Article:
What happens to your digital assets when you die?

7 December 2017
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From banking and social networking to storing pictures and listening to music, we can do everything digitally these days. But what happens to these digital assets and online accounts when we die? Moneywise investigates

Just one in four (23%) adults has organised their financial information well enough to allow their loved ones to handle their financial affairs relatively easily on death, while more than one in 10 (12%) admitted that it would be very difficult for anyone to handle their financial affairs after they died.

These were the findings of research published earlier this year by financial provider Royal London. But to complicate our financial information further, we now live in a digital world where paper trails aren’t left as handy clues for executors trying to sort out the wishes laid out in wills.

Gary Rycroft, a partner at Joseph A. Jones & Co Solicitors in Lancaster, explains: “Back in the day, it was easy for executors to track down assets as there was physical evidence such as paper bank statements and share certificates.

“While the legal advice hasn’t changed in needing to make a will, you need to expand on it and think about what life entails now.

“The big issue that the digital world throws up is that people don’t know where to look – it’s just a black hole. Where are people’s online bank accounts?”

However, it’s not just the obvious financial accounts, such as your online banking or share trading and investment accounts that you need to consider. There are also the accounts that aren’t financial but still have a monetary value, such as loyalty schemes and cashback sites. According to cashback website TopCashback’s ‘Loyalty after Death’ report published this spring, 60% of people have not made their family or friends aware of the loyalty programmes they belong to.

The report also revealed that the majority (91%) of people do not have a plan for their loyalty schemes, and nearly half (47%) had not even considered it as an option.

It’s a similar story when it comes to social media accounts. Unless you’re an Instagram or YouTube star these are unlikely to have a monetary value, but it’s still a personal choice as to whether to keep these open, and not enough of us are recording these decisions before we pass away.

James Norris, founder of The Digital Legacy Association, a professional body that works with charities and organisations to raise the quality of end of life care in areas relating to digital assets and digital legacy, says: “The ways in which we remember our loved ones has changed. For many people, Facebook and other social media sites become a focal point where we remember, view photos, and discuss the life of our loved ones.”

Yet, according to The Digital Legacy Association’s ‘Digital Death Survey 2017’, only one in 10 (13%) has made plans for their social media accounts following their deaths.

What happens to your digital assets

Once they have found your digital assets, it’s up to executors of your will (or administrators if there is no will) to ask providers and financial institutions to close any online accounts you have, with any remaining balances or assets distributed according to the will if there is one, or according to intestacy rules if there isn’t.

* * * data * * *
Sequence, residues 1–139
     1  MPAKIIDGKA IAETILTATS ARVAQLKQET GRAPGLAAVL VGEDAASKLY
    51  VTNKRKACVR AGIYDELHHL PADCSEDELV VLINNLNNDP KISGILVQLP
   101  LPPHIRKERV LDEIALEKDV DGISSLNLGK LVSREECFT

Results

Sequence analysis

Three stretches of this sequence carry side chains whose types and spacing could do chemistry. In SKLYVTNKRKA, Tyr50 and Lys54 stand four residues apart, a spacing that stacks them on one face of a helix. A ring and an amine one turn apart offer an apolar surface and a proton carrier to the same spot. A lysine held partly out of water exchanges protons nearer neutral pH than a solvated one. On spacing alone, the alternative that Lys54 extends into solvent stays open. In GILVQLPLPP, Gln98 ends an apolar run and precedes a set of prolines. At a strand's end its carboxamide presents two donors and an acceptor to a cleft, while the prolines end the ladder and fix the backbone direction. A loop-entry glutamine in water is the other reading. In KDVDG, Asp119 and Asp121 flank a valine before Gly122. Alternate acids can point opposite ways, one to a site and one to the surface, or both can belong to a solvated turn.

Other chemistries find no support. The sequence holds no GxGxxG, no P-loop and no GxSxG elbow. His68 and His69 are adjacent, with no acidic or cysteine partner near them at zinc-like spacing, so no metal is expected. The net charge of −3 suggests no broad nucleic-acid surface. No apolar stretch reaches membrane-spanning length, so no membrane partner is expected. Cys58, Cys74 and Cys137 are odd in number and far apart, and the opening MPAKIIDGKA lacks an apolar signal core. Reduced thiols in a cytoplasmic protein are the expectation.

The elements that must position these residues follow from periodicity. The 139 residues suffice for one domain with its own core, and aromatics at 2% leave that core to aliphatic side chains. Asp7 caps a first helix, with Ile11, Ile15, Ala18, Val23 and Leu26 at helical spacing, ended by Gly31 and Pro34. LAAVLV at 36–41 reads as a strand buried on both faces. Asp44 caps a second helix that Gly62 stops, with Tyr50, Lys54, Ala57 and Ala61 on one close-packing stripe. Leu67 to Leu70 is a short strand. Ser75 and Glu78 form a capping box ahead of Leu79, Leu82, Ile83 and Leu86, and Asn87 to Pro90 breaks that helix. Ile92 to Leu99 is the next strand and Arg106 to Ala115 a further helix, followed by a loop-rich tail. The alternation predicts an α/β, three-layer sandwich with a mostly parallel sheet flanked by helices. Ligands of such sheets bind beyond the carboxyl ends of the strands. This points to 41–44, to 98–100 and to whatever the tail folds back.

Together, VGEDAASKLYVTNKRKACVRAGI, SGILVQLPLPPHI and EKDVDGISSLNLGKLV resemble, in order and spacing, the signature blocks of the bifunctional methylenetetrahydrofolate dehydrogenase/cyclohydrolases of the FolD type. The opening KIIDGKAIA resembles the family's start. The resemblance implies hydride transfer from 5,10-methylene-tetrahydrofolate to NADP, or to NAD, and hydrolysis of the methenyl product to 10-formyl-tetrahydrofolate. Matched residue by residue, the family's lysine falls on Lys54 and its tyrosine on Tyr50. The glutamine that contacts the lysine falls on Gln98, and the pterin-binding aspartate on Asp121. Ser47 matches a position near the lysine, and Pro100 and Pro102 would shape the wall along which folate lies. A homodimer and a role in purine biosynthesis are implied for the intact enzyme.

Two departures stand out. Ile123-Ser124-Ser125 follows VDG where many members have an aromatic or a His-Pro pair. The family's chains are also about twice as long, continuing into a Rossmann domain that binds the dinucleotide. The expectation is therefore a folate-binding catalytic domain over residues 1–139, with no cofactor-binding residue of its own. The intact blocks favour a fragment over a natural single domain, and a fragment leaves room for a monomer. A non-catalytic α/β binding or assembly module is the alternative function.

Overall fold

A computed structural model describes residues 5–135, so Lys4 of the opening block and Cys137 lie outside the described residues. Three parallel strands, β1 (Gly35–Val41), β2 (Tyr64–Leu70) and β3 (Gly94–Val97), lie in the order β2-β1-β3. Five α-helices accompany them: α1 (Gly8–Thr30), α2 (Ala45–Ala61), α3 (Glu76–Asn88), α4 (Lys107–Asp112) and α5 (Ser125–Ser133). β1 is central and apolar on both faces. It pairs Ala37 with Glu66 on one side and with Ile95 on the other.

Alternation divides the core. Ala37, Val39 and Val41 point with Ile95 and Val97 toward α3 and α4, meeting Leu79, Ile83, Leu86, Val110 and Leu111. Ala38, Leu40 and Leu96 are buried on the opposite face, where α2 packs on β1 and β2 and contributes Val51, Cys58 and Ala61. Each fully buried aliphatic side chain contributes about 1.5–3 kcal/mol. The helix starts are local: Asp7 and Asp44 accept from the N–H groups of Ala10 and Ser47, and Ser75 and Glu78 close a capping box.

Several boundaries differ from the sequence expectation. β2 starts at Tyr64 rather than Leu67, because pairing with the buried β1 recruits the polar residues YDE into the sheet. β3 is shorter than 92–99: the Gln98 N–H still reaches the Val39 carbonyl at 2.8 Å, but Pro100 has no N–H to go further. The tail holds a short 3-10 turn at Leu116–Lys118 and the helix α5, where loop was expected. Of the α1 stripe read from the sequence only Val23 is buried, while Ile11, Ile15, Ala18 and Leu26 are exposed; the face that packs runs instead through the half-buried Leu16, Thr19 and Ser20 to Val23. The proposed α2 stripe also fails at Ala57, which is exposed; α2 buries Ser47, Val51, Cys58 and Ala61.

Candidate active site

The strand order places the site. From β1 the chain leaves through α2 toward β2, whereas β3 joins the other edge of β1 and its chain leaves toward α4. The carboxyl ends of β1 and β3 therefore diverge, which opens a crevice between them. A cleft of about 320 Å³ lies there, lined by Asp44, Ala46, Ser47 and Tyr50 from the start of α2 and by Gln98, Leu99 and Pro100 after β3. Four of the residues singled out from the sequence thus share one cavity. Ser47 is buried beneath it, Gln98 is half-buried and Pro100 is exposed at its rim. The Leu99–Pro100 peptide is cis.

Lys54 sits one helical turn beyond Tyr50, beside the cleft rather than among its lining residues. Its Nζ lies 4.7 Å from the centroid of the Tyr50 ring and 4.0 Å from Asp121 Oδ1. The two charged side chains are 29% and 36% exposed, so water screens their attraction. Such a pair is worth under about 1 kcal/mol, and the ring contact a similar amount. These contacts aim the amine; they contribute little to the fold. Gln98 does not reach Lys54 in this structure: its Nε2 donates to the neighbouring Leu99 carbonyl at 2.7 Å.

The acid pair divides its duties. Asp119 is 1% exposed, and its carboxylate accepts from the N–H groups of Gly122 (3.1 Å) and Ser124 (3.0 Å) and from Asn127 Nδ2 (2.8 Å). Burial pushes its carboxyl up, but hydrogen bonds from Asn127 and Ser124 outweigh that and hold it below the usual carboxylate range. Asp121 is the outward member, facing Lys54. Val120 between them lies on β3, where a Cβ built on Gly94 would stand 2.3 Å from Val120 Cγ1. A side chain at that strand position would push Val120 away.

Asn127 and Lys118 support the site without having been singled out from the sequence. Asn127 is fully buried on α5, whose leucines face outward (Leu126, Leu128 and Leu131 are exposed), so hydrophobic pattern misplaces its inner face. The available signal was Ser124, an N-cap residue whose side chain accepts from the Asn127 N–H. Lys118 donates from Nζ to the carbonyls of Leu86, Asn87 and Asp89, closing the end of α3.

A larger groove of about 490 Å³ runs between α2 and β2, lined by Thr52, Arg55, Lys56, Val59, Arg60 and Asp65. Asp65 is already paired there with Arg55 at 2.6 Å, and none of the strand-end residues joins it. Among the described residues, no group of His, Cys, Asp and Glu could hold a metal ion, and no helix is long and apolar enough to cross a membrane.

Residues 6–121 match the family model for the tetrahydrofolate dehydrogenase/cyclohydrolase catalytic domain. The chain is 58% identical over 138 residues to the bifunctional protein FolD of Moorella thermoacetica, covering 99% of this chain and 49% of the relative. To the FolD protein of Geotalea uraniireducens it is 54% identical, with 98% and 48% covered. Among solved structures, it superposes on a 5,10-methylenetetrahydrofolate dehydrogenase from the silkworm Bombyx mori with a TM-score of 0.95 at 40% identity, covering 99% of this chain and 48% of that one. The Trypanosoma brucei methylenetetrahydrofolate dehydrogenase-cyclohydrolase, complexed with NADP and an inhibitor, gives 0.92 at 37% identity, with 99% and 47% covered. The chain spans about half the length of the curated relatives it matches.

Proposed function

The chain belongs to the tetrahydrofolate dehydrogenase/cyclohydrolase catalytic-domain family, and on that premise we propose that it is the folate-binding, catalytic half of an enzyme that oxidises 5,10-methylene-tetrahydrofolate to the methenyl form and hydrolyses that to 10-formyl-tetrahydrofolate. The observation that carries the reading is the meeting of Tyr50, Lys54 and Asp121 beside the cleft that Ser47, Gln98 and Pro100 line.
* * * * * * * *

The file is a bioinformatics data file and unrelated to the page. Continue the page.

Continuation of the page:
Executors will probably need to provide evidence, such as a death certificate and/or a probate certificate. But the problem is that every provider has different rules.

When it comes to banks and building societies, for example, the largest firms follow the ‘Bereavement Principles’ – a code of practice drawn up alongside industry trade bodies.

Under this guidance, a one-stop notification system enables providers to notify relevant brands about specific accounts and products under the deceased’s name with one single notification.

Upon notification, restriction to sole accounts is limited to the person responsible for dealing with the estate. Assets will be released once all supporting documentation to confirm the death and the appointment of the executor or administrator has been provided (although firms will allow payments to be made from the deceased’s account beforehand to cover funeral costs, probate fees, and inheritance tax payments to HMRC).

Loyalty providers, meanwhile, can set their own rules on whether points or cashback accrued can be passed on when you die.

Leigh Sagar, a barrister at New Square Chambers in London and member of STEP (the Society of Trust and Estate Practitioners), explains: “In legal terms, a consumer is entering into a contract with a company when joining a loyalty programme. The contract is not an onerous one, but it does contain certain terms and conditions that will be enforced by the court. These terms normally provide that only the registered user, or in some cases, persons in the same household, can collect and spend loyalty rewards.”

Six out of seven major providers Moneywise spoke to do allow loyalty points and outstanding balances to be transferred to someone else, but even then the executor often must provide legal documents to validate their claim and some providers will wipe balances if you don’t act fast enough (see table below).

ProviderCan you transfer loyalty points or account balance on death?Additional info